Would you sew it again? Would you recommend it to others?  This is the second make from this pattern (3rd in you include the version I am helping a friend sew up) and I am just as happy with this one as I was the first. I will make another one of these again- it is now in my ‘go to’ collection.


Conclusion: I am slightly struggling with what to wear on top with these skirts! Nightmare! I have been wearing my trusty boden shirt but as it is slightly to large on me I think my silhouette is slightly swamped. I have invested in a new black jumper from Boden’s new range ‘the 60′s jumper’ which is not super fitted but should skim me and keep me warm. I want to wear this skirt with tights and brogues for winter. Let’s hop the jumper sorts out the issue’s… or a totally plain version could also work…. Thanks to my two friends who took the pictures for me.

Finally a simplicity 2591 Muslin

Firstly- sorry about the mess in the picture and the picture quality but I was on my own, it was 2am and I had just finished two projects in a day. Studio is gonna be messy.

This said, this muslin has been a long time coming! I went on a hunt for this Out of print pattern when I read Stitchywitch’s review in early 2011. I managed to swag a copy from ebay for about £10 and then got excited, bought loads of different fabric ‘for the dress, traced and cut a straight size 10 on to pattern paper and then life got in the way. I moved house, lost a job, lost a boyfriend, gained a stone, lost two stone, bought a dog, moved house again, had a major operation and then remembered about two years later how much I wanted to make this dress.

So with all that life in the past I sat down and sewed up a muslin in 5 hours. :)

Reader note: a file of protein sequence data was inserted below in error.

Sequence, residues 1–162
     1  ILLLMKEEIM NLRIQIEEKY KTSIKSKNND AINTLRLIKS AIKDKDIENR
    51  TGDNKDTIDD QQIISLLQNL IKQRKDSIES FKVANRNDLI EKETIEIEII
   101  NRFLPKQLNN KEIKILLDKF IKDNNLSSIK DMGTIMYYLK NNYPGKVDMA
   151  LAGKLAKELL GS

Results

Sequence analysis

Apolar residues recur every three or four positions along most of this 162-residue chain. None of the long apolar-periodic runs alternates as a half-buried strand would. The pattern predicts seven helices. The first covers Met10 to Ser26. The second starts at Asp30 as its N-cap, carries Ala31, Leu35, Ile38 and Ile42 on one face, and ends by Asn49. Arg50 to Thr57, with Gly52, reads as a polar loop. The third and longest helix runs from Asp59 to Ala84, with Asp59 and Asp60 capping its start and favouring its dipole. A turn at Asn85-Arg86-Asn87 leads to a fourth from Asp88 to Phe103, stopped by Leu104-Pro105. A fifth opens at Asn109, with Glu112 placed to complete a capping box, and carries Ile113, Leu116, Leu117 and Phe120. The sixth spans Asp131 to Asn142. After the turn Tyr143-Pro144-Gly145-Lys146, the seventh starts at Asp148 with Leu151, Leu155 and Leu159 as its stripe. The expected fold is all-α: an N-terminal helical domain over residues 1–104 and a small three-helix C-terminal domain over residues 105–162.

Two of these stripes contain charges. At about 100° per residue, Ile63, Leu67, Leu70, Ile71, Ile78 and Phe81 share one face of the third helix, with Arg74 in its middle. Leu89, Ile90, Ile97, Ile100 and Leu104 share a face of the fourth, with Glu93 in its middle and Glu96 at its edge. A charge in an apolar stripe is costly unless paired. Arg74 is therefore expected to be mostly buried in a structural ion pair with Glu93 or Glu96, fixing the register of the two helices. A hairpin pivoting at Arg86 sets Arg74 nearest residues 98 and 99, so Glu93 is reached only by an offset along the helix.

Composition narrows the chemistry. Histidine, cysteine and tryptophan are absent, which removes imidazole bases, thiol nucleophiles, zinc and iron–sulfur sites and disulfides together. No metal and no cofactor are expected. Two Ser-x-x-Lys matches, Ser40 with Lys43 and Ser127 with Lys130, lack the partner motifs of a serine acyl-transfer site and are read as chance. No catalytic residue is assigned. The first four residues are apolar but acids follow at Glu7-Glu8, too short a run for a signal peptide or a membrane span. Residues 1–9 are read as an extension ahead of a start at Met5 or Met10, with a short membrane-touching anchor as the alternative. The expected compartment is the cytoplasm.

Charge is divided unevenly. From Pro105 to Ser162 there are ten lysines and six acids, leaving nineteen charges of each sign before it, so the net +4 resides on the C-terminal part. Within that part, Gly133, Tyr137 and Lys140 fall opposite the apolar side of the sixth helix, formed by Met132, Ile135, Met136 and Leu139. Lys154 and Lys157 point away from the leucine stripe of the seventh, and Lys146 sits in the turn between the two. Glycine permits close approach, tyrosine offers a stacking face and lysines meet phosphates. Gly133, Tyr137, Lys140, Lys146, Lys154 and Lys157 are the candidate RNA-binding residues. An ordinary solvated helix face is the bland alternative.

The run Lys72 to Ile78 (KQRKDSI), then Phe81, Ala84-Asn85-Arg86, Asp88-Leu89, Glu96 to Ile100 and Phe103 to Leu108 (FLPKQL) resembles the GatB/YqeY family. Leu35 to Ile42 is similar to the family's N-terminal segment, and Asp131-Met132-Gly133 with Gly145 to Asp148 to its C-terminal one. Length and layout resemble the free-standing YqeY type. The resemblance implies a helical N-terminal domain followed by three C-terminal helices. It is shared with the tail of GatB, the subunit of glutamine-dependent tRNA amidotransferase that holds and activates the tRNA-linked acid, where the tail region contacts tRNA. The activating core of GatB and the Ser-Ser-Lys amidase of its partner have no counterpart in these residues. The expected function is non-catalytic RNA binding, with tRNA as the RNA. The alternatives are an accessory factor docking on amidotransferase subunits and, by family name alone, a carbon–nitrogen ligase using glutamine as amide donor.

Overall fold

This is made from 1.5m of brown sheeting cotton that I seem to have 10 meters of from god knows where. It actually made a lovely dress! If the fit had been right, I had not sewn the back seam on the outside of the dress and if I could figure out what the instructions meant!

Of course this is the point of a muslin and I am very happy I made one. I need to make a size bigger- a size 12 would give me more room over my waist, and I can grade the bodice to a size 10 when sewing up the seams. This muslin does not have a zipper mind! I was able to sew up the back and then yank it over my head. :) I also took a whole 4 inches off the length and think I could make it 5!

The main issue is that wrinkling on the bodice front. Not because its too tight, but because I do not understand instructions 6-7. Not at all.

I have emailed simplicity with no joy- the person who replied did not even read the body of the email and just assumed I was making a request about an OOP pattern. I have now messaged a few of my favorite bloggers who have also made this dress to see if they can shed some light on what the heck I am doing wrong.

This is the offending part of the dress. It is where the bodice, skirt front and pocket facing is attached to the bodice sides. I have no idea how to get it all to fit without bumps and lumps. I am wondering if I went wrong at the pockets when you are meant to under stitch… think i may have top stitched. Also looking at the pockets on the instructions those dots have me confused. ANY HELP OUT THERE?  I will be making another muslin so hopefully I will make more progress…but any help would…. help. I did take time with the pattern markings with this project. After reading the Colette handbook I decided to actually machine baste the darts in. I have to say, taking the extra time to do this really payed off. Who would have thought? :)